The small mining town of Clifton, Arizona, had a problem. When people were convicted of crimes there or in the neighboring town of Morenci, they weren’t sentenced to time in prison. Instead, they were ordered to work for a certain amount of time in the copper mines that fueled the area’s economy.
The problem was that many of the convicted criminals would simply flee the area rather than report to work and toil in the subterranean tunnels. So, in 1881, Clifton decided to build a prison that no one would be able to escape from. One that was built underground, and into the side of a granite cliff.
The town hired local stonemason Margarito Varela to construct the jail. Using a pickax and explosives, Varela constructed a tunnel that led below ground and into a cavernous room. The cavern was split into two cells: a smaller one for dangerous criminals and a larger one for those charged with less serious crimes. Each had a window to let in fresh air and some light, but the windows were located 10 feet above the cavern floor and connected to the cells by small tunnels. To finish it up, Varela bolted heavy iron bars and doors into the rock.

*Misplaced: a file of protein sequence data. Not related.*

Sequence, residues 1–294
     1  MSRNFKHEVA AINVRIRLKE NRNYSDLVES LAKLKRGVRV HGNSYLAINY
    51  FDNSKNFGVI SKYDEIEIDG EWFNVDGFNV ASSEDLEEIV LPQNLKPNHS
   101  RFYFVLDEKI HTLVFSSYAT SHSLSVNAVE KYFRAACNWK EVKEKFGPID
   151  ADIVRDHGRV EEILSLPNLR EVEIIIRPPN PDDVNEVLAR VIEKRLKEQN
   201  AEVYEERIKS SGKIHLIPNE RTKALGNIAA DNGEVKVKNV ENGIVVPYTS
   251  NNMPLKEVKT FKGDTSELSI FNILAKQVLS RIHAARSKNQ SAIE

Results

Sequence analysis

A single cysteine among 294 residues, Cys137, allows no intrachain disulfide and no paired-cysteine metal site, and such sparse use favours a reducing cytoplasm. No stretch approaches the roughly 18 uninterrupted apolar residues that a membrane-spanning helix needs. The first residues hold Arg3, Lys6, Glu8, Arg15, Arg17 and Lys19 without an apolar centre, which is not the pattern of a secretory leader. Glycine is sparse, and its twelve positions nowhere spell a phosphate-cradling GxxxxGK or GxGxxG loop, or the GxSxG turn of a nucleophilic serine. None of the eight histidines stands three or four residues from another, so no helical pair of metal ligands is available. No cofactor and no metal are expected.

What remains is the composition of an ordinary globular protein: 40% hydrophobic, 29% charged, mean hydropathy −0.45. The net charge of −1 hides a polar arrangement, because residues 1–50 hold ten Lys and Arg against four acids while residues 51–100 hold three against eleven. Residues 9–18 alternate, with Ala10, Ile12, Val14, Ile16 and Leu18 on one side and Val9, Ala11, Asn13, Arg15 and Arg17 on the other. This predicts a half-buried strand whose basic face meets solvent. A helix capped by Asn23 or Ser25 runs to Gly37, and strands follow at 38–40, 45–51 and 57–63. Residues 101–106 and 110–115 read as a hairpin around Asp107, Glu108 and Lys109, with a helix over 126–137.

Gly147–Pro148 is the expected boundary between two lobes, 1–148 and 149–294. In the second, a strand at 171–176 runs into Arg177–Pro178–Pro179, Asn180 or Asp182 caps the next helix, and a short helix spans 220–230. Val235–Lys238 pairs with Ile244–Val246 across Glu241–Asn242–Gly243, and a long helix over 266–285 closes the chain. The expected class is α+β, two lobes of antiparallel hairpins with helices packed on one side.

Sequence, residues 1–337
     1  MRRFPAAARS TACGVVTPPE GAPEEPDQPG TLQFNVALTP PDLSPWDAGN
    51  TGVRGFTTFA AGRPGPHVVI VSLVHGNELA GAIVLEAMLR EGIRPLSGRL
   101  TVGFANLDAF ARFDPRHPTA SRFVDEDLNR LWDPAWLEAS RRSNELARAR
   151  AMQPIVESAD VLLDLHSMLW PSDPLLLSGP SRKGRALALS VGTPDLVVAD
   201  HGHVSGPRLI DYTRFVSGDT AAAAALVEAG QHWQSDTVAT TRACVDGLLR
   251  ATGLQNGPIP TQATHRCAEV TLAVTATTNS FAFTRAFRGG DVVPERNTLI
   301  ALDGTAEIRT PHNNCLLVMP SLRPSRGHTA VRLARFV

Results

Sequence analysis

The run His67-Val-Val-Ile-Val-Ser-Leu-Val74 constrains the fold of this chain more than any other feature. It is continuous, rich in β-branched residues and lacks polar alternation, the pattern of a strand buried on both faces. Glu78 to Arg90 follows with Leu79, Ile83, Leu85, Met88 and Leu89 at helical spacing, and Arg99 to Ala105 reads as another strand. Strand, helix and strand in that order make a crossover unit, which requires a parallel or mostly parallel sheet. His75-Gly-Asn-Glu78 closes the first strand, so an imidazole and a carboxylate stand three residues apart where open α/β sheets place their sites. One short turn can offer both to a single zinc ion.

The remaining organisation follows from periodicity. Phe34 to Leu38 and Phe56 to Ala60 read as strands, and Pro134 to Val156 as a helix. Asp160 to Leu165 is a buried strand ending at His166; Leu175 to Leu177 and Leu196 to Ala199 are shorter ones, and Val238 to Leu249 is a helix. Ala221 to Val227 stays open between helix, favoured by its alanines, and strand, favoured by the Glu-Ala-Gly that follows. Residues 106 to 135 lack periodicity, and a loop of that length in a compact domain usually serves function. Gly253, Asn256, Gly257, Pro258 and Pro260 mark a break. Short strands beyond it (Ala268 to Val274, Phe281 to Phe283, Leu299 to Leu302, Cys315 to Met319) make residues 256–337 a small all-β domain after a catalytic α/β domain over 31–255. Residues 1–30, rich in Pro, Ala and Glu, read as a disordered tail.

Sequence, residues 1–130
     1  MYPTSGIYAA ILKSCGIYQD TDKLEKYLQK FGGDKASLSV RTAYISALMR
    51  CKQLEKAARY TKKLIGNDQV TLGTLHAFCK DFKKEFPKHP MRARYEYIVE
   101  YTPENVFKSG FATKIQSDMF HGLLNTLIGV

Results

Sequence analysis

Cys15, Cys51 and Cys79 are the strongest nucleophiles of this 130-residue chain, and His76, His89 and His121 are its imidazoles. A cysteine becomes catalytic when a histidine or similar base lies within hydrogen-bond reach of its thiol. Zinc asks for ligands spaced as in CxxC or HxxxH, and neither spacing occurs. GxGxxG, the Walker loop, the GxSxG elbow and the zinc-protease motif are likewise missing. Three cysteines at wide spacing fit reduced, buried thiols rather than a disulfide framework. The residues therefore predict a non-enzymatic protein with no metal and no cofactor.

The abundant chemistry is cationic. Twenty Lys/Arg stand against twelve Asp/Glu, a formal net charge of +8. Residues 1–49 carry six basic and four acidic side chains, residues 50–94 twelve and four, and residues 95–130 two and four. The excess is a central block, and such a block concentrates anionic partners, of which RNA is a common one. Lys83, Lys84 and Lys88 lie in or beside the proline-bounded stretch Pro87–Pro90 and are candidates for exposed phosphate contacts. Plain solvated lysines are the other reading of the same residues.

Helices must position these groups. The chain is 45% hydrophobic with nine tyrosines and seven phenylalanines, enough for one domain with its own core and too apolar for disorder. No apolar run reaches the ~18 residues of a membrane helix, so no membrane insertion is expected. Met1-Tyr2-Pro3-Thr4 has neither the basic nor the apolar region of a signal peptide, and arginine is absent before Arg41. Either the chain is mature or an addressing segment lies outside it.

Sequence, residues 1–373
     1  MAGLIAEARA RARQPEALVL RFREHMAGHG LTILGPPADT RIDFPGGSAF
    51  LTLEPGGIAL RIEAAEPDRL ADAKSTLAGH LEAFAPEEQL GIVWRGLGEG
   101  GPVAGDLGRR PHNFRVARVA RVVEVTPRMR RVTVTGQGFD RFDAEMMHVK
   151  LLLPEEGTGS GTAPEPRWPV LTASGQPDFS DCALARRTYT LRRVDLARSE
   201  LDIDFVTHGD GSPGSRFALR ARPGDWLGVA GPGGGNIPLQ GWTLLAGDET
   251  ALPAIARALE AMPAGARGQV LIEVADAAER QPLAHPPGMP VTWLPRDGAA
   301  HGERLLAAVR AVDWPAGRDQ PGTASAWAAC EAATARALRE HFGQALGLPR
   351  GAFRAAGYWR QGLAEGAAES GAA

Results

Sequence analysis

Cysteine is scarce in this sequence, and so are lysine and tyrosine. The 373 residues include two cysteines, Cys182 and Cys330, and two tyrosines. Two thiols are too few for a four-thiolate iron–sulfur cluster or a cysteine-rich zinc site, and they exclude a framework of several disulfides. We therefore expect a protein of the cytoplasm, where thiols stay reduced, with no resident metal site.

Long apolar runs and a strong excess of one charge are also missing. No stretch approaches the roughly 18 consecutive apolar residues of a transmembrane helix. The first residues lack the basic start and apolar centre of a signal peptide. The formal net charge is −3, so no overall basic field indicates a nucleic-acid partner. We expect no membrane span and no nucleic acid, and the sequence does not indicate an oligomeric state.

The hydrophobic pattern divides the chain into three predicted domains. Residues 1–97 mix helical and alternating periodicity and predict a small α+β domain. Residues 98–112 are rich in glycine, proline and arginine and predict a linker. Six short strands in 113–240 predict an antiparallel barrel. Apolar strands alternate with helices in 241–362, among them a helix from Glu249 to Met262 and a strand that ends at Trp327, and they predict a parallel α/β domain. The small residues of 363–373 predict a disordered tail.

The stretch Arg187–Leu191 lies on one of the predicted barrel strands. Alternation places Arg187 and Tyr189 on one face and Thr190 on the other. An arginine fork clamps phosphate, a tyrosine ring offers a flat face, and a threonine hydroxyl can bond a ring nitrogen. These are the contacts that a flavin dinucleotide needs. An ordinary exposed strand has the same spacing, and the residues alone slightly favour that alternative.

Unverified local tradition says that when Varela finished constructing the jail, he was paid for his work and went to a local dance hall to drink and celebrate. Later, a very drunk Varela reportedly began happily firing his gun up into the air to get people’s attention to tell them about his completed project. The owner of the dance hall was also a deputy sheriff and arrested Varela, making him the first occupant of the jail he built.
The jail was used until 1906 when a massive flood struck the area. The subterranean jail began to fill with water and the people incarcerated within had to be saved by breaking the bars off the windows and lowering ropes down to pull them out. The prison was filled with so much sediment and debris afterward that it was abandoned.
In 1929, the town began the process of restoring the old jail as a preserved piece of history, and in 1962, the state of Arizona placed a historic plaque out in front. The jail, along with the rest of Clifton’s historic downtown, was added to the National Register of Historic Places in 1990.
Know Before You Go
The jail is alongside U.S. Route 191 as it passes through Clifton. The exterior is open to the public at all times, but the doors that allow you to access the underground cells seem to only be open and unlocked periodically and unpredictably. If you call the local history museum, located on historic Chase Creek, they will happily come open the doors and allow you to take respectful photographs.